Although extension cords are an invaluable tool that can allow you to set up and use electrical appliances where you need them even if the electrical outlet is far away, there are many misconceptions and unsafe practices regarding extension cords. Here are three steps that will allow you to bypass the electrical risks often associated with electrical cords due to unsafe use.
1. Keep your cords in great shape
Because they're basically electrical wires encased in plastic, extension cords can transmit a severe shock just like your wall sockets can if improperly handled. Fortunately, the plastic coating is there to guard against shocks, but you're responsible for checking the integrity of the plastic before using the cord. Only use cords that don't have visible damage such as fraying, melting, ripping, puncture wounds, or kinking. To keep your cord from sustaining damage, use these best practices during operation:
- Never run the cord across a walkway or under a rug where people may step on it
- Never allow the cord to come near a radiator, electric heater, or other heat-producing appliance
- Keep playful pets (especially teething puppies) away from the cord
- Don't let the cord get slammed in a door
2. Use the cord only as specified
If it's an indoor-only cord, don't use it outside because it's not rated as safe for outside use. Get yourself a new, heavy-duty extension cord for outdoor use instead. Be sure to read all the warnings that come with the cord and follow them, including (but not limited to) basic precautions such as not leaving the cord unattended while in use, not plugging too many things into the cord at the same time, and checking the unit's electricity requirements against the size of the cord before use (some smaller cords may not be able to handle a large power draw, such as that from a large microwave).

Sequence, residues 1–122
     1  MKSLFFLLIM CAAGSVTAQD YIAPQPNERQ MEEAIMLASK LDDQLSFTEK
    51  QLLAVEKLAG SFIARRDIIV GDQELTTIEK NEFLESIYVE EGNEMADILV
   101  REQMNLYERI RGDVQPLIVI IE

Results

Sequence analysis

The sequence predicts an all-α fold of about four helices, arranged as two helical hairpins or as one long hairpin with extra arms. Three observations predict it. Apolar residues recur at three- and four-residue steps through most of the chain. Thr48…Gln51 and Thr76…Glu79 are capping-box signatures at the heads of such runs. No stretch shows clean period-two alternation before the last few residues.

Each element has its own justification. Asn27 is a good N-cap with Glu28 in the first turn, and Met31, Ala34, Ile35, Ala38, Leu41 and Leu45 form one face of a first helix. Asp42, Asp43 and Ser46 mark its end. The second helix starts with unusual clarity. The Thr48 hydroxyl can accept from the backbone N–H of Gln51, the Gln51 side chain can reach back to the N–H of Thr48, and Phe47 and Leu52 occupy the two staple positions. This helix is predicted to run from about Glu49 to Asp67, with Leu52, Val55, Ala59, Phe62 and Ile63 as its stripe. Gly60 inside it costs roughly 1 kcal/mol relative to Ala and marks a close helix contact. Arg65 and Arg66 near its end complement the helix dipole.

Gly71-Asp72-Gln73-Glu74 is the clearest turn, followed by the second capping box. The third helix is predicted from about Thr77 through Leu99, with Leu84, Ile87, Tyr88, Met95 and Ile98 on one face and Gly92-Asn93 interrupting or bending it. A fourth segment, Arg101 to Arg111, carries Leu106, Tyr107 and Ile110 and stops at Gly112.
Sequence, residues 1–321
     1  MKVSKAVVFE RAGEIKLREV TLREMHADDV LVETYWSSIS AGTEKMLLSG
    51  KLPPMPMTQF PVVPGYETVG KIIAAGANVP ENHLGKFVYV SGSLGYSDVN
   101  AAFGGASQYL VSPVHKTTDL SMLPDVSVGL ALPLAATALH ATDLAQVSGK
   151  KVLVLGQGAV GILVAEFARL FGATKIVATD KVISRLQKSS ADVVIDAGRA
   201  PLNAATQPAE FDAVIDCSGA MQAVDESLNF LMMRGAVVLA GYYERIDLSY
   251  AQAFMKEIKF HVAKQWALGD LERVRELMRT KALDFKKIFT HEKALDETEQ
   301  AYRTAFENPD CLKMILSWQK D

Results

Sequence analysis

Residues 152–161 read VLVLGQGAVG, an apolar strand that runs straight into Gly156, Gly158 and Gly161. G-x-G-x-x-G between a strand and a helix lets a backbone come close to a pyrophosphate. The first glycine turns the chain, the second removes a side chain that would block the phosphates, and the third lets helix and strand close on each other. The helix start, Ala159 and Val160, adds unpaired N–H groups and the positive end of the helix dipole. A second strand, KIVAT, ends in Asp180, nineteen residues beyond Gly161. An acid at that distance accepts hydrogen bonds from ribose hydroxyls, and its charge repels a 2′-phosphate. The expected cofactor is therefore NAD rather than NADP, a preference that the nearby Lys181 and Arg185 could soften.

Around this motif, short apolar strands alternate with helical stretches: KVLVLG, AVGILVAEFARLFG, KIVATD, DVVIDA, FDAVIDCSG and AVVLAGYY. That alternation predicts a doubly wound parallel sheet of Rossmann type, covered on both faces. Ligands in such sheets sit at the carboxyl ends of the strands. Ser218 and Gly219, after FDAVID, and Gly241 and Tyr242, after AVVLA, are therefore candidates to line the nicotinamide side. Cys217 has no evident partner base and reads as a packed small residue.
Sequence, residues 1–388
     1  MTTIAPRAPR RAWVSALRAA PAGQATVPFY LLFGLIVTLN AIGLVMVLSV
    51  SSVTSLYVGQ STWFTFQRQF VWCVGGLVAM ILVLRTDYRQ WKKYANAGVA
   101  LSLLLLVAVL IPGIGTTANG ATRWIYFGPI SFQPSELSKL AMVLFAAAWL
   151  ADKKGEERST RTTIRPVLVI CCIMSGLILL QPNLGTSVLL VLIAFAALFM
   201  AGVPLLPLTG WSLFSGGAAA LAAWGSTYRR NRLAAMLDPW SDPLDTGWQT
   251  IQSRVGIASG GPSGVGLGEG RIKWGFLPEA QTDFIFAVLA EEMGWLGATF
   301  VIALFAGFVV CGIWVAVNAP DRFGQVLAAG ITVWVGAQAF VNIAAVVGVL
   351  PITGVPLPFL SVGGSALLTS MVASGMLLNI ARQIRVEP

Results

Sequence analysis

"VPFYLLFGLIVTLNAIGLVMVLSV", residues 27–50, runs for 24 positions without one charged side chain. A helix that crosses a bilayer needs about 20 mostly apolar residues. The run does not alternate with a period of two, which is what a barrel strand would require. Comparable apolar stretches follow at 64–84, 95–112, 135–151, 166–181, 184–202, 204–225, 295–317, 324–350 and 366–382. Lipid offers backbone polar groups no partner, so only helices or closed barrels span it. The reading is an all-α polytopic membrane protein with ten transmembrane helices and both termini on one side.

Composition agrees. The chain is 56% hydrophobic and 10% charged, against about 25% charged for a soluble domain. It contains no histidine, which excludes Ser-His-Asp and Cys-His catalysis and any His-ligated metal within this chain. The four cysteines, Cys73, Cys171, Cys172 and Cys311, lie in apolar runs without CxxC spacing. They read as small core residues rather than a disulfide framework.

3. Know your electrical system and don't overload it
Many infringements of basic safety measures stem from an inadequate electrical system. If you only have a couple of wall sockets per room, you may feel like you have no choice but to use power strips and electrical cords as additional plug-in locations on a daily basis. Plugging in a power strip and an extension cord to the same outlet may overload that outlet. Using cords in this manner overlooks the fundamental problem of an outdated wiring system, and, the more outdated the wiring system is, the more likely it will be unable to handle the strain you're putting on that outlet. Overused outlets are another electrical hazard so, if you're having this problem, call an electrical contractor like those at Royal Plus Electric and have him or her add some circuits to your system.
These three steps will help you live safely with extension cords. Remember, if you feel like you can't stop overusing extension cords and power strips because there's not enough outlets in your house, you need to have an electrician update your wiring system.Share